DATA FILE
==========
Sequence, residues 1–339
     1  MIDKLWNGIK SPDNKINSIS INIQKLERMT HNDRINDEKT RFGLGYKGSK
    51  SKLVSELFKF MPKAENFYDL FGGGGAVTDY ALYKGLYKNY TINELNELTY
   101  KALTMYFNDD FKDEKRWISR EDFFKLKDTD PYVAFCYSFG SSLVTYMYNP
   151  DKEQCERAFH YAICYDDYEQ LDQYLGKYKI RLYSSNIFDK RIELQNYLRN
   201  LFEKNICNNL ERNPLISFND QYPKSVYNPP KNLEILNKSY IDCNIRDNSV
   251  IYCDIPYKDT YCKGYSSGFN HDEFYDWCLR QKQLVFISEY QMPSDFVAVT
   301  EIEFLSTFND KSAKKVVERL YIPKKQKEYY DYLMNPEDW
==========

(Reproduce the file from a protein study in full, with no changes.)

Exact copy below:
Sequence, residues 1–339
     1  MIDKLWNGIK SPDNKINSIS INIQKLERMT HNDRINDEKT RFGLGYKGSK
    51  SKLVSELFKF MPKAENFYDL FGGGGAVTDY ALYKGLYKNY TINELNELTY
   101  KALTMYFNDD FKDEKRWISR EDFFKLKDTD PYVAFCYSFG SSLVTYMYNP
   151  DKEQCERAFH YAICYDDYEQ LDQYLGKYKI RLYSSNIFDK RIELQNYLRN
   201  LFEKNICNNL ERNPLISFND QYPKSVYNPP KNLEILNKSY IDCNIRDNSV
   251  IYCDIPYKDT YCKGYSSGFN HDEFYDWCLR QKQLVFISEY QMPSDFVAVT
   301  EIEFLSTFND KSAKKVVERL YIPKKQKEYY DYLMNPEDW